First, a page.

Quality is the first norm for art, but its final norm is love and truth, the enriching of human life, the deepening of our vision.


Dali, Salvador - VM - Reinier Sonneveld


Salvador Dalí: Crucifixion (Corpus Hypercubus)   


   A Four-dimensional Jesus  

by Reinier Sonneveld 

Two of the most famous painters of the twentieth century were serious Catholics: Andy Warhol and Salvador Dalí. Warhol was a regular volunteer among the homeless and visited the mass almost daily, but kept this painstakingly hidden. Dalí was more open about it and for instance illustrated a Bible edition with more than hundred watercolours (Biblia Sacra, 1963-1964). 

Dalí was Catholic by birth, but started taking his faith seriously only after World War II. Although he continued to make art for more than 40 years after the war, this period tends to be somewhat spirited away among art historians. This is also due to his great renown as a Surrealist: the empty planes, the dripping clocks, the elephants on stilts. Surrealism sought a kind of redemption in dream images, but the atom bombs on Nagasaki and Hiroshima brutally woke up Dalí and caused him to search in new directions. 

He first published a pamphlet, in which he – in his characteristic bombastic and flamboyant manner – defined himself as a ‘nuclear mystic’. From then on he wanted to find his inspiration in contemporary scientific discoveries and Classicism with its precise rendering of the human body and carefree depiction of biblical stories. His famous Corpus Hypercubus from 1954 forms the pinnacle of this period. 

Here Dalí totally re-invents the usual Crucifixion. What stands out is that: 

– Dalí does not attempt to place the event in a historical setting. Christ is floating in an almost abstract space. 

– In the left lower corner you see his spouse and muse Gala as Mary Magdalene with remarkably luxurious garments. Dalí later explained that he wanted her to express the glory of humankind in this way. 

– The chessboard, wherein five black squares form a cross. Possibly this is a symbol for the various roads a life can travel.  

– Christ averts his head, so that we cannot look him in the eye. Is his face too holy for our gaze? Would we collapse under its weight? 

– Christ has no wound in his side, no crown of thorns on his head, no nails through his hands or feet. He is undamaged, invulnerable. As if he has already risen. 

– Both his knees look ‘messy’. In reproductions (like the one above) you can hardly see it, but when you stand before the original, you can recognize five images of Dalí himself in the left knee and five of Gala in the right one. As if they have been taken up in Christ’s body. 

But the most striking is of course the cross. The title Corpus Hypercubus hints at its meaning. A hypercube is a four-dimensional cube. The cross in the painting shows this form in its ‘unfolded’ state. 

I need to explain this. As a child everyone has probably at some point folded a cube from paper. To do this, you have to cut a piece of paper like this:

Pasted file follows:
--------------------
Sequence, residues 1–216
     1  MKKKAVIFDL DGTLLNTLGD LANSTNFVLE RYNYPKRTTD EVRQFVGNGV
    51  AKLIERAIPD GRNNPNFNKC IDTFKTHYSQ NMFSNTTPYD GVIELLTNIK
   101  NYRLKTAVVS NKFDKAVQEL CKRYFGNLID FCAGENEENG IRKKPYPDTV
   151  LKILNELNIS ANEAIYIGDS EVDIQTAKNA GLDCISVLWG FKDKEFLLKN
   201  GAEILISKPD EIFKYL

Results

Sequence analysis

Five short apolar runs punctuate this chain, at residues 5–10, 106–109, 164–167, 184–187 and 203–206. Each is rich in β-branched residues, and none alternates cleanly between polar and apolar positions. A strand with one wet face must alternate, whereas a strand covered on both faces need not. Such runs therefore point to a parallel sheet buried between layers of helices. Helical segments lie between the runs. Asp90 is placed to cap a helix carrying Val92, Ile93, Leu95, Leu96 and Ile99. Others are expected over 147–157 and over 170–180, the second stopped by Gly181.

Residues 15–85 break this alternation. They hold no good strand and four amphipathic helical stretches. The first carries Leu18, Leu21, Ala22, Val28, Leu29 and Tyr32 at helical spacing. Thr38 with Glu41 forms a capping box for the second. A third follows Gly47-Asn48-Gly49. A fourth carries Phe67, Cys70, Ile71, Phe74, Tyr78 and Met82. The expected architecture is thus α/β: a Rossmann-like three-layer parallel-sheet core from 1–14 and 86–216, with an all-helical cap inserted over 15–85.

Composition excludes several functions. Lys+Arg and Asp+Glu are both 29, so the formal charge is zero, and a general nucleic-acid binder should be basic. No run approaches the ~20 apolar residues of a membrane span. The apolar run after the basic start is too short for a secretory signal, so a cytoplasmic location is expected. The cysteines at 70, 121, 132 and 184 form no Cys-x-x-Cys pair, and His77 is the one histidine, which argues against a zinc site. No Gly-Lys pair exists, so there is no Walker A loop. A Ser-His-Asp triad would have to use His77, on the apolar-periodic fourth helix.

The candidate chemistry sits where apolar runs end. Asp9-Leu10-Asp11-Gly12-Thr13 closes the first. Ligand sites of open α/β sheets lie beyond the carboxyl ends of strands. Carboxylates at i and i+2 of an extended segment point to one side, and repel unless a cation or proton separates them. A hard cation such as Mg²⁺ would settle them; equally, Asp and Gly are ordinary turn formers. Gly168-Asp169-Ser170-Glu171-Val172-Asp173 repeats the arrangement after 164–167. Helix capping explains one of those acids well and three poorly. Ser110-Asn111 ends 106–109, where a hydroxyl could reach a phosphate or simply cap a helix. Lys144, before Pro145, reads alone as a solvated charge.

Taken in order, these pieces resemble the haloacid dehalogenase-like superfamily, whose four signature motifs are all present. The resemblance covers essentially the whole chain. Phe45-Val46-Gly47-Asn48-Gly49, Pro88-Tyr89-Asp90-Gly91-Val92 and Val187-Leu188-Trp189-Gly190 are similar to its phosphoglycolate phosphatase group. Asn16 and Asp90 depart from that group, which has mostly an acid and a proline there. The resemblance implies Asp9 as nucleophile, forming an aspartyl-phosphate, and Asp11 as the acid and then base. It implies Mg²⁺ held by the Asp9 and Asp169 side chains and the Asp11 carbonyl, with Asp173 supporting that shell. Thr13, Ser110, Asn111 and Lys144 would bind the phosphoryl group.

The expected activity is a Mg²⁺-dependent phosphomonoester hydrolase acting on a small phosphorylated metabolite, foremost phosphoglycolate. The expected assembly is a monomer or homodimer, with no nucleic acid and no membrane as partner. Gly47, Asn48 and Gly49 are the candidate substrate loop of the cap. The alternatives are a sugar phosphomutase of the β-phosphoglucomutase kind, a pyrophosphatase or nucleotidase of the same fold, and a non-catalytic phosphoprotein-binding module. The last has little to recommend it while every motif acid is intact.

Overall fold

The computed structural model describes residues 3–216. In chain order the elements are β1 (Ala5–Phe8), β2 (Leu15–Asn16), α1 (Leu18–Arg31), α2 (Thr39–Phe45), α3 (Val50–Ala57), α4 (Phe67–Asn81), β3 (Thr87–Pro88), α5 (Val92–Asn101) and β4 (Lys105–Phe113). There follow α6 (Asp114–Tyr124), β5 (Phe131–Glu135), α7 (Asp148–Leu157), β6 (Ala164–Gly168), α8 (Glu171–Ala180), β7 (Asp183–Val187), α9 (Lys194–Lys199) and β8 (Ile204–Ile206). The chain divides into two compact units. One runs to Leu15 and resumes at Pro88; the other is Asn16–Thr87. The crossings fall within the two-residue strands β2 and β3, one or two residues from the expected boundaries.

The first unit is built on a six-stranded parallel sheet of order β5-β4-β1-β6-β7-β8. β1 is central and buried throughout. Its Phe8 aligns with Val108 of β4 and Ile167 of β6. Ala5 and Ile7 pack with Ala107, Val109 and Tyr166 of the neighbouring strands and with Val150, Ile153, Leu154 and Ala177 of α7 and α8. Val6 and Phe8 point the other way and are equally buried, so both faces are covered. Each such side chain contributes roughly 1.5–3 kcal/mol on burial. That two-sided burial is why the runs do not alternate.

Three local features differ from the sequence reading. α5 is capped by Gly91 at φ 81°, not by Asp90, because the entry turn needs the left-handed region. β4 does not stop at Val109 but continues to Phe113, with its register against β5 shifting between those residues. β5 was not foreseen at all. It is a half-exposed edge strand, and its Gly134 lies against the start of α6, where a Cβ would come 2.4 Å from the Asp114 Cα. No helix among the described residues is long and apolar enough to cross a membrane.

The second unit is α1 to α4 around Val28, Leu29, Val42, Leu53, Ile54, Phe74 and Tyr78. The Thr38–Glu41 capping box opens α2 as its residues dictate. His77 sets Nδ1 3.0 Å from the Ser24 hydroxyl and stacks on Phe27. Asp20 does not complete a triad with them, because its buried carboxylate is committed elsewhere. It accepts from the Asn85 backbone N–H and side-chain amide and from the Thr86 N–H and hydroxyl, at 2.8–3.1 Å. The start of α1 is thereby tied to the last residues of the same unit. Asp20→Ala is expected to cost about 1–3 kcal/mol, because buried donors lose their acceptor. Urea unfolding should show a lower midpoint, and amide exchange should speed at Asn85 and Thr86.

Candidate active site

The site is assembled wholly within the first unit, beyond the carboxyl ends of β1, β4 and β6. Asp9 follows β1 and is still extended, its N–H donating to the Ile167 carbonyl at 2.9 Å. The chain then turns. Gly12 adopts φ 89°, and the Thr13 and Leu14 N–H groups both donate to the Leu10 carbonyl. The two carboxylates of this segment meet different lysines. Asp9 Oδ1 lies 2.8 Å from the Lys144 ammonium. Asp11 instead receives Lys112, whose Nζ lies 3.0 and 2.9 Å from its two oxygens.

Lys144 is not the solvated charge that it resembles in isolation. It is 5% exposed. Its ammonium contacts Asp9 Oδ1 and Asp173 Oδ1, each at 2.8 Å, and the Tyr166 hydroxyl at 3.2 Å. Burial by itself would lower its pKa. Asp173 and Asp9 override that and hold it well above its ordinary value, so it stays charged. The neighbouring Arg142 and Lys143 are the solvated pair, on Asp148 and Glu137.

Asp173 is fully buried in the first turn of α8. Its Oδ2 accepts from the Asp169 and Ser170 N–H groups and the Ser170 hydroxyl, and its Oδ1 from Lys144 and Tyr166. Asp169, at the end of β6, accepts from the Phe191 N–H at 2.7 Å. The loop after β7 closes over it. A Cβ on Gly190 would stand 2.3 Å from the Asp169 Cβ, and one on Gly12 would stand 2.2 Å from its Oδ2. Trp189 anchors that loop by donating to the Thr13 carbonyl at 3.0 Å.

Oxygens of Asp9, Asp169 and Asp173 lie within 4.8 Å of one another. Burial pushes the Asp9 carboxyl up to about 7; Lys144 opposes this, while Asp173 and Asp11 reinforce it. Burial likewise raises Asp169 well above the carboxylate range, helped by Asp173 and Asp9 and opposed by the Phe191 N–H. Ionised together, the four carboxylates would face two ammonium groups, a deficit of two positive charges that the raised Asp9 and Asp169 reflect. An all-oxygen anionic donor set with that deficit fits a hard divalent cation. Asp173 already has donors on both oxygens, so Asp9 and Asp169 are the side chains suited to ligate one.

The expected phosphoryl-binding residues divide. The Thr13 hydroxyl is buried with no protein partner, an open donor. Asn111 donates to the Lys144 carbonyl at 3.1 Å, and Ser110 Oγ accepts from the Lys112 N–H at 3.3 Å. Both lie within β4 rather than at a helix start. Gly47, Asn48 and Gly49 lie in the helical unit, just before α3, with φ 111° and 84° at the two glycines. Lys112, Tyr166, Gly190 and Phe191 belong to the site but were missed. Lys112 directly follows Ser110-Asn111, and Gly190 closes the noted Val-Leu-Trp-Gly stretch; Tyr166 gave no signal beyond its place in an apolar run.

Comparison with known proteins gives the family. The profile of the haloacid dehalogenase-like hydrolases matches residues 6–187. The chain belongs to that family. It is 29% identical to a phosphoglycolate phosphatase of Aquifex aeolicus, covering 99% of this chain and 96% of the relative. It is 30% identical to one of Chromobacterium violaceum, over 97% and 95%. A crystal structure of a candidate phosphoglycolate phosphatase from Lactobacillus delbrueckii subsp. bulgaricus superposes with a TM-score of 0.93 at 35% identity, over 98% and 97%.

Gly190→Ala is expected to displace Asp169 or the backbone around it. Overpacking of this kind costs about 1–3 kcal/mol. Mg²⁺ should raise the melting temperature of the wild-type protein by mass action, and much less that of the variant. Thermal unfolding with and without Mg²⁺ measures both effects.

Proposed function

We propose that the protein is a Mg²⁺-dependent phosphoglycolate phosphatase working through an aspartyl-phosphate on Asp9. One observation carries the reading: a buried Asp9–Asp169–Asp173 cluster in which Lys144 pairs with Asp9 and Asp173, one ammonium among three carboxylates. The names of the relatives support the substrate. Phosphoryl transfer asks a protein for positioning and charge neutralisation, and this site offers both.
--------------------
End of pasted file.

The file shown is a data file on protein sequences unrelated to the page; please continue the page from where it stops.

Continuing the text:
You can transform this flat two-dimensional cross into a spatial three-dimensional cube. In theory you can also make a hypercube, a four-dimensional cube, in a similar way. But in reality it is not possible to fold this cube, as our world has only three dimensions (height, breadth and depth). However, the unfolded form looks like this:

This is the stage you see in Dalí’s painting. What in our reality is a symbol of suffering (the cross) can in a different reality be folded up into a symbol of perfection (a cube). 

Dalí thus expresses the double meaning of Christ’s crucifixion, which already comes to the fore when John calls this drama ‘elevation’ (often translated as ‘glorification’). This is literally elevating someone onto the cross, but also figuratively that Christ has won a victory. 

Perhaps this is why Dalí represents Gala in such a worthy manner and Christ without wounds. As if we are already a stage ahead. As if time does not exist here. As if we look at this from a higher reality with many more dimensions than ours, where our pain can be ‘folded up’ into perfection. 


Salvador Dalí, Crucifixion (Corpus Hypercubus), 1954, oil on canvas, 194 x 124 cm. Metropolitan Museum of Art, New York. 

Salvador Dalí i Domènech (1904-1989) was a Spanish painter, sculptor, graphic artist and designer. After passing through phases of Cubism, Futurism and Metaphysical painting, he joined the Surrealists in 1929. Throughout his life he cultivated eccentricity, claiming that this was the source of his creative energy. His paintings employed a meticulous academic technique that was contradicted by the unreal dream space he depicted and by the strangely hallucinatory characters of his imagery. In 1937 Dalí visited Italy and adopted a more traditional style; this together with his political views (he was a supporter of General Franco) led Breton to expel him from the Surrealist ranks. He moved to the USA in 1940 and remained there until 1955. During this time his paintings were often on religious themes, although sexual subjects and pictures centering on his wife Gala were also continuing preoccupations. In 1955 he returned to Spain and in old age became a recluse. There are museums devoted to Dalí's work in Figueras, his home town in Spain, and in St Petersburg in Florida. 

Reinier Sonneveld (b. 1978) makes his living by creating short films and writing (mainly theological) books. He was the youngest writer in the Netherlands to receive the Prize for the Best Christian Book. He is also a member of the board of Artway.   

ArtWay Visual Meditation September 29, 2013